Catalase test : a test to differentiate Staphylococcus and Streptococcus
Catalase test is done to check for the presence of enzyme catalase in bacteria that hydrolyzes hydrogen peroxide (H2O2) into water (H2O) and oxygen (O2). If the bacteria possess catalase enzyme, it’s evident by formation of bubbles in the test due to liberation of oxygen. Lack of catalase is indicated by absence of bubble production.
Uses of Catalase test:
- It is used to differentiate between genus Staphylococcus and Streptococcus. Staphylococcus possesses catalase (catalase positive) while Streptococcus lacks this enzyme (catalase negative).
- It is used for presumptive identification of gram negative bacilli belonging to Enterobacteriaceae family.
Procedure for Catalase test:
- Using a sterile loop or wooden stick, pick a small amount colony and place it onto the clean, dry glass slide.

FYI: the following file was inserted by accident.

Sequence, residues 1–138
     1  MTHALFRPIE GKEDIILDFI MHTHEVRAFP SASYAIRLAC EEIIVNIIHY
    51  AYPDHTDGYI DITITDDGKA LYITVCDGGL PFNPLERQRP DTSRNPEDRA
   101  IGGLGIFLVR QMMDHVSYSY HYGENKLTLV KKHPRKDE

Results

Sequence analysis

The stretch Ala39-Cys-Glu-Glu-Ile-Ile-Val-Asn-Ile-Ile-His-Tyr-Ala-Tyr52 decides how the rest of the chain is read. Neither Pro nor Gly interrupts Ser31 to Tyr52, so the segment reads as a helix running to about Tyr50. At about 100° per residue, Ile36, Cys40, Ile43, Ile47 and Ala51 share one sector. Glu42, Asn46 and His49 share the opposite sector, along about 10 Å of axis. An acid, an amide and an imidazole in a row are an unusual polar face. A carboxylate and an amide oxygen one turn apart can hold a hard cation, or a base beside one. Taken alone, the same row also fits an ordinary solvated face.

- Using a dropper, place a drop of 3% hydrogen peroxide onto the organism on the microscope slide.
- Observe for the formation of bubbles.
Note: It’s better to perform this test from colonies grown on Nutrient agar. This is particularly important if the colony is picked from blood agar, the carryover of red blood cells into the test may result in a false-positive reaction.
Expected results for Catalase test:
Positive: Copious bubbles produced
Negative: No or few bubbles produced
Note: Enterococci produces an enzyme peroxidase that slowly catalyses the breakdown of H2O2 and the test may appear weakly positive. This reaction is not a truly positive test.
Quality Control for Catalase test:
Positive: Staphylococcus aureus
Negative: Streptococcus pyogenes
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